This mandatory pause in ordinary life—our viral sabbatical—is an opportunity to re-balance things and build better habits. Let’s learn to enjoy simple goods and reduce over-consumption. Let’s work to develop patience and forbearance. Let’s learn to care better for the sick and the suffering. And let’s view this crisis as an opportunity to unearth the treasures of wisdom.

Gratitude, Gladness, and Thanksgiving

Fresno Bee, November 24, 2020

Gratitude lubricates social relations. To say thanks is to express gladness. But gratitude is also a spiritual capacity that lightens and energizes. Some call it the wine of the soul. When we drink it, we want to share it with others.

Social rituals revolve around thankfulness. We thank people throughout the day for small favors. We thank dinner guests for passing the salt. We thank the guy holding open the door. Entertainers thank the audience for their applause, which is how the audience says thanks. We even thank people we pay — the clerks, waiters, and bartenders.

Behind social grace lies a deeper spirit of gratitude. Gratitude is sincere and heartfelt gladness. It is humble, hopeful, and happy. The opposite of gratitude is greed and arrogance. Ungrateful people want the world to serve their selfishness. Whatever they get leaves them grumpy because they always want more.

Gratitude is content with whatever comes. The positivity of gratitude is psychologically beneficial. Gratitude helps us manage stress, discover patience, and see opportunity. There is a positive feedback loop that comes from acknowledging good things.

Gladness produces gratitude while gratitude gladdens. In a dark world, gratitude opens a glowing glade of gladness. Grateful spirits glow. They hold back the darkness by kindling energy and light.

Nietzsche once said that great art begins in the overflowing fullness of gratitude. Creative energy flows from gratitude. The eyes of gratitude are welcoming. The arms of the grateful are ready to build and embrace. The artists of gratitude affirm life and the universe itself.

Gratitude may be cultivated. One technique is to keep a gratitude journal or to otherwise count your blessings. Recalling the things that make you glad can help you overcome negativity. Gratitude grows when we recognize that life is a gift, an opportunity, and a precious good.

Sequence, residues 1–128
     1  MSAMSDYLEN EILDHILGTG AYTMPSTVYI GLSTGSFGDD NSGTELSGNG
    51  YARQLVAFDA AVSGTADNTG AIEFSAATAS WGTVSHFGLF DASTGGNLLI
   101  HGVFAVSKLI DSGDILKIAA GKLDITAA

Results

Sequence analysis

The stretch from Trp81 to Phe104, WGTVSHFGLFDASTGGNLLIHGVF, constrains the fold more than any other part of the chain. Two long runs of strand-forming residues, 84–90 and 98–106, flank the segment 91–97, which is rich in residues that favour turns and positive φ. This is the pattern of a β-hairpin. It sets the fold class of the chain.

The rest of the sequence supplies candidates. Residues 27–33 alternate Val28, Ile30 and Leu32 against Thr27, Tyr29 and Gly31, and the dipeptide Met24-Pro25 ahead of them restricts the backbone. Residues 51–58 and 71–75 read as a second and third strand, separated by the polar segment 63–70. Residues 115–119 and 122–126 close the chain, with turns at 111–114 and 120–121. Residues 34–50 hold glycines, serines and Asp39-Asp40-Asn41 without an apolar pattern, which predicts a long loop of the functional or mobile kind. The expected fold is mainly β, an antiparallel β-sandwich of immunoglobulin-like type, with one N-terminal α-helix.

In religious traditions gratitude is ultimately directed toward God. When George Washington created Thanksgiving in 1789 he called upon Americans to offer thanks to “that great and glorious Being, who is the beneficent Author of all the good that was, that is, or that will be.” The American Thanksgiving feast is part of a long tradition of giving thanks to God.

But the attitude of gratitude can be experienced outside of any particular religious framework. We might call this existential gratitude. One can be thankful to be alive without thanking anyone in particular. Religious people may find this to be empty. But secular and non-religious people can benefit from existential gratitude.

Gratitude is linked to humility and wonder. Grateful people recognize that their gladness is not entirely their own doing. Fate, luck, and history determine our fortunes. Your existence is the product of a chance meeting of your parents. Your continued life depends upon an ecosystem, a social system, and a legal and political system that are beyond your control.

In religious terms, our existence is a miraculous gift from God. In nonreligious terms, our existence is something to wonder about — a unique opportunity to make meaning in a vast and empty universe.

But perhaps all of this only makes sense for people who are actually thriving. What about the sick, disabled, poor, grieving, and oppressed? Should they be grateful as well?

Well, there is hope that everyone can discover gratitude in the middle of suffering and loss. But frankly, it is rude to suggest that the downtrodden should be grateful for what they’ve got. Other people’s gratitude is none of our business.

But when we recognize that others may have less to be grateful about, we move beyond gratitude toward compassion. If gratitude helps us see that our own cup is full, compassion moves us to share what we have with those who are thirsty.

Gratitude without compassion is like breathing in without breathing out. Gladness reaches beyond itself. That is why we say thanks so often in our daily lives. Gratitude overflows in smiles and prayers, and in our ritual acts of thanksgiving.

Fortitude and Resilience in the Face of Tragedy